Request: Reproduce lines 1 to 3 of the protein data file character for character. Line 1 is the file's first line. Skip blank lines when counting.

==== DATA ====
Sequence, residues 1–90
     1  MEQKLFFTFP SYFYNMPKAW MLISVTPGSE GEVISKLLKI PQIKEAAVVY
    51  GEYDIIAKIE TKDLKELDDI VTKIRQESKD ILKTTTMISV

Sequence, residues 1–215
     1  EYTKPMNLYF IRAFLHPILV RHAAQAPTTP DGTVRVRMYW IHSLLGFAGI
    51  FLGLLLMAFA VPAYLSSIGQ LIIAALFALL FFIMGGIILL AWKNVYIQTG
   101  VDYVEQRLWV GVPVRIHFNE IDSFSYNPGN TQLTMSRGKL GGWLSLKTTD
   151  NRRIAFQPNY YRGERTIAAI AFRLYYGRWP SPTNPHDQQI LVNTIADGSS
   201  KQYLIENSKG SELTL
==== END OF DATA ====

Sequence, residues 1–90
     1  MEQKLFFTFP SYFYNMPKAW MLISVTPGSE GEVISKLLKI PQIKEAAVVY
    51  GEYDIIAKIE TKDLKELDDI VTKIRQESKD ILKTTTMISV